This is from an actual church website: “The unsaved will be separated forever from God in hell.”
This is from another: “Those who don’t believe in Jesus will be sent to eternal punishment in hell.”
And this is from another: “The unsaved dead will be committed to an eternal conscious punishment.”
I would never use these statements on a church sign but that does not invalidate them, according to Scripture.
Will all people be saved, or will God not get what God wants? Does this magnificent, mighty, marvelous God fail in the end?
I don’t know about you but it appears that Bell believes if everyone is not saved, God is a failure. Yet, he says that he is not a universalist.
This insistence that God will be united and reconciled with all people is a theme the writers and prophets return to again and again. They are very specific in their beliefs about who God is and what God is doing in the world, constantly affirming the simple fact that God does not fail.
Yet again, Bell says he is not a universalist.
Is God our friend, our provider, our protector, our father—or is God the kind of judge who may in the end declare that we deserve to spend forever separated from our Father? Is God like the characters in a story Jesus would tell, old ladies who keep searching for the lost coin until they find it, shepherds who don’t rest until that one sheep is back in the fold, fathers who rush out to greet and embrace their returning son, or, in the end, will God give up? Will “all the ends of the earth” come, as God has decided, or only some? Will all feast as it’s promised in Psalm 22, or only a few? Will everybody be given a new heart, or only a limited number of people? Will God, in the end, settle, saying: “Well, I tried, I gave it my best shot, and sometimes you just have to be okay with failure”?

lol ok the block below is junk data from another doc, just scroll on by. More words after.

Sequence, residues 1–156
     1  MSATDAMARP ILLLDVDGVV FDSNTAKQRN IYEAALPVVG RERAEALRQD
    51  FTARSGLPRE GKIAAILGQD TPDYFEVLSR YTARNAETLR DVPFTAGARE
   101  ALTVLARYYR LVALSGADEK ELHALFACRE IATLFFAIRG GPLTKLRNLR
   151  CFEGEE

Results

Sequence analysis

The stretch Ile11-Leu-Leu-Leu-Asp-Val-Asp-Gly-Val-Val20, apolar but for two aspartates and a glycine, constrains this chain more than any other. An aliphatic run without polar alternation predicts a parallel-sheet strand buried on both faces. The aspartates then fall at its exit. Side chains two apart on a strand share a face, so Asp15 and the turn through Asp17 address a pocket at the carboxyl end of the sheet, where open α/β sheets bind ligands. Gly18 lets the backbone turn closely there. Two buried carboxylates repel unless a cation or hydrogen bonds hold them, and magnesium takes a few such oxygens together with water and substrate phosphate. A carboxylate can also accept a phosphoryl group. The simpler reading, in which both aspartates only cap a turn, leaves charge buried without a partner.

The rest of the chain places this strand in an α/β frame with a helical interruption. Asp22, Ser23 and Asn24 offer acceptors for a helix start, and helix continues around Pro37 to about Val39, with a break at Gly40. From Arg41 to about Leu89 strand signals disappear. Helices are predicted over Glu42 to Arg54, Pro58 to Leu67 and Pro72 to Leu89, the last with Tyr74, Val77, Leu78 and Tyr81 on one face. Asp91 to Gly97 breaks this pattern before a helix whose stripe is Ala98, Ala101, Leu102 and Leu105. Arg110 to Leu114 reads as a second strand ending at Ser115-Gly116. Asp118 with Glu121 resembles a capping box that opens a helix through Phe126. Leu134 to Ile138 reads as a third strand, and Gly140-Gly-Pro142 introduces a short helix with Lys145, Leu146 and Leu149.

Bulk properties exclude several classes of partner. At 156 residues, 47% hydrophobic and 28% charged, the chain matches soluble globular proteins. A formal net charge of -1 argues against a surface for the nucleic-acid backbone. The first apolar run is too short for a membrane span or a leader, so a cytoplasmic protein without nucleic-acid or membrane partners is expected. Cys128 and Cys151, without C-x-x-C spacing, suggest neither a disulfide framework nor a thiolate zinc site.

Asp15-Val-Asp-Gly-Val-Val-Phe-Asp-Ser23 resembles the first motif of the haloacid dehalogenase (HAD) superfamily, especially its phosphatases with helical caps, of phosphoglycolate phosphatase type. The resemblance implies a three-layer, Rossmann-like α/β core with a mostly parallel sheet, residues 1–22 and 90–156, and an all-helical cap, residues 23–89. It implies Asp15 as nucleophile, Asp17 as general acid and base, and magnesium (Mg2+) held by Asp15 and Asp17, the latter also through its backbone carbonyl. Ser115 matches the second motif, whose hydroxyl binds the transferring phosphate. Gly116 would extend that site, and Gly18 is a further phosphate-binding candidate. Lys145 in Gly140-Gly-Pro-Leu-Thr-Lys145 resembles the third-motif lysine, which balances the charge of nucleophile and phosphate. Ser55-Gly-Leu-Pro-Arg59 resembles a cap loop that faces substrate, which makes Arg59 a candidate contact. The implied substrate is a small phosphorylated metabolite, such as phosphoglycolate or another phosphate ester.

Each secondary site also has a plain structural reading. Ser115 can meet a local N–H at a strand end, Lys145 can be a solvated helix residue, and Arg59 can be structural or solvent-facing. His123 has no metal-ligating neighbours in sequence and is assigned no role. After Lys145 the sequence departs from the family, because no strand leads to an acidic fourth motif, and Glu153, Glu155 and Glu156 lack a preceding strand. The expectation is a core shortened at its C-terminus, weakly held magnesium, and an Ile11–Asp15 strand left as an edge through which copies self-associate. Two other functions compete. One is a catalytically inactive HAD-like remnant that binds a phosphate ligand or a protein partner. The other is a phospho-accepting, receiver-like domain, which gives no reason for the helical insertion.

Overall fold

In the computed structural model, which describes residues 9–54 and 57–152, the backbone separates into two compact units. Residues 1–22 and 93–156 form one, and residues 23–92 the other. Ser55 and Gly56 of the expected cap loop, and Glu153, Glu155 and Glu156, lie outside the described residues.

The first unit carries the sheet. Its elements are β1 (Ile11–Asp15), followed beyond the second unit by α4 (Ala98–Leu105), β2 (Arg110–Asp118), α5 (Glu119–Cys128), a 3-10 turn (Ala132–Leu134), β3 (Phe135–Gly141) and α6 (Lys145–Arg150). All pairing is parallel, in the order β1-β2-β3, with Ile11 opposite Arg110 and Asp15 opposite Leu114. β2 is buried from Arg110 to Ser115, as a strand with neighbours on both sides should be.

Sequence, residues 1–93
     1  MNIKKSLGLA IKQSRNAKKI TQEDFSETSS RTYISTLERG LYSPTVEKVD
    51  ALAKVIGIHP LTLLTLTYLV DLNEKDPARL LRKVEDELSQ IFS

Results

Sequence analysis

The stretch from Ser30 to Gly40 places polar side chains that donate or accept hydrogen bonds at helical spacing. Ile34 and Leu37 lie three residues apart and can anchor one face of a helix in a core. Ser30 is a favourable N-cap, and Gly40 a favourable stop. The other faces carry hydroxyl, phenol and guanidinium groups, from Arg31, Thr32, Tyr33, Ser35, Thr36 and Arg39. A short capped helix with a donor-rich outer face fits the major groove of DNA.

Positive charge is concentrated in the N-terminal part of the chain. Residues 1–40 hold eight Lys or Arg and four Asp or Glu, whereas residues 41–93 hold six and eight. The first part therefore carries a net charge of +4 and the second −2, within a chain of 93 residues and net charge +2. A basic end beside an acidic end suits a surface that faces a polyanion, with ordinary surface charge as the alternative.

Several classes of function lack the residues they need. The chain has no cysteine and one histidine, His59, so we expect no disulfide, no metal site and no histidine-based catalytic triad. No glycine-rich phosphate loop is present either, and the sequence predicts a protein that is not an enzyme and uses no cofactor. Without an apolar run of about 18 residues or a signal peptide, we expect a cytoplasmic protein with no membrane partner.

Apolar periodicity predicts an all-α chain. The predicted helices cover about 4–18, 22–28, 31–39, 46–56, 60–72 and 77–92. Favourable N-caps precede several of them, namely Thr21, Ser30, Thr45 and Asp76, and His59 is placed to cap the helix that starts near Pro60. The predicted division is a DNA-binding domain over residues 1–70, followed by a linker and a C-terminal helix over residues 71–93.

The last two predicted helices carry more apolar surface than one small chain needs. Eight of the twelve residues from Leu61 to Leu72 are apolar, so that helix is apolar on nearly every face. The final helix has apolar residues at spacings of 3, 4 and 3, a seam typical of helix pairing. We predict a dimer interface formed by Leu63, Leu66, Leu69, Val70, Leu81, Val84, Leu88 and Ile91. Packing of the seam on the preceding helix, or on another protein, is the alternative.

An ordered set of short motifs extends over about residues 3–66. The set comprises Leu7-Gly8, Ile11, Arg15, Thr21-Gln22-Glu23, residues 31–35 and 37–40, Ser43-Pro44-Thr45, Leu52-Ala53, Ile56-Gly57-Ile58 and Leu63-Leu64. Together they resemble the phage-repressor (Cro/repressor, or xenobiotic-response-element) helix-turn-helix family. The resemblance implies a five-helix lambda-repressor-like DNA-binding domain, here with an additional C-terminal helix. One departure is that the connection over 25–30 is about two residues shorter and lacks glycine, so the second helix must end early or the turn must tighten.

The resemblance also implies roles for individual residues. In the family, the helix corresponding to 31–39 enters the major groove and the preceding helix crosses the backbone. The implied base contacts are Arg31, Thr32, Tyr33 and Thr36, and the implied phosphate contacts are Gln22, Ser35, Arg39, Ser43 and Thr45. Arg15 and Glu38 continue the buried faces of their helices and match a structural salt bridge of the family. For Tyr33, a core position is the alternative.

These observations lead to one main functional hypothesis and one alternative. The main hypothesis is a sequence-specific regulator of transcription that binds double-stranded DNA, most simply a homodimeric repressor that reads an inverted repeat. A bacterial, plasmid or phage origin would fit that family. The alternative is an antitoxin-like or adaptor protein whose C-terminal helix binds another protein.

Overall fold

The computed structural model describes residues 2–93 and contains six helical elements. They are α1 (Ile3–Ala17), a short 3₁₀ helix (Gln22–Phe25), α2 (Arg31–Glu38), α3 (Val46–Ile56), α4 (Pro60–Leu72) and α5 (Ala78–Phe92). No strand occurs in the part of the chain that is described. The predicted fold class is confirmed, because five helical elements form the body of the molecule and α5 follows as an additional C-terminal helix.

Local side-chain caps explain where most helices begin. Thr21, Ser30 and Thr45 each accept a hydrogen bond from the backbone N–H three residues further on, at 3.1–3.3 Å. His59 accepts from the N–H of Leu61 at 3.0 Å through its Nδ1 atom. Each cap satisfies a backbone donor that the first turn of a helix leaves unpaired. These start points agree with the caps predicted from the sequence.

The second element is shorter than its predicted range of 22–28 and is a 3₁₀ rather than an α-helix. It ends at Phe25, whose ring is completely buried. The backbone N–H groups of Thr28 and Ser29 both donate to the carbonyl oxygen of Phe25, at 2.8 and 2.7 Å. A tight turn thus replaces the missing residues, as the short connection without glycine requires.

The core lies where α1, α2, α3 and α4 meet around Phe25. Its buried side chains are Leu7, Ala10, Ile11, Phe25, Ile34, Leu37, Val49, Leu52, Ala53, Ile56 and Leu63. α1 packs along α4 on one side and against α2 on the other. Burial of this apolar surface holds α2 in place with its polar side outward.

Again, the theme of God being a failure.
A discussion about how to “just get into heaven” has no place in the life of a disciple of Jesus, because it’s missing the point of it all.
I do not totally disagree with this statement.
Many have heard the gospel framed in terms of rescue. God has to punish sinners, because God is holy, but Jesus has paid the price for our sin, and so we can have eternal life. However true or untrue that is technically or theologically, what it can do is subtly teach people that Jesus rescues us from God.
Wow is all I can say about that!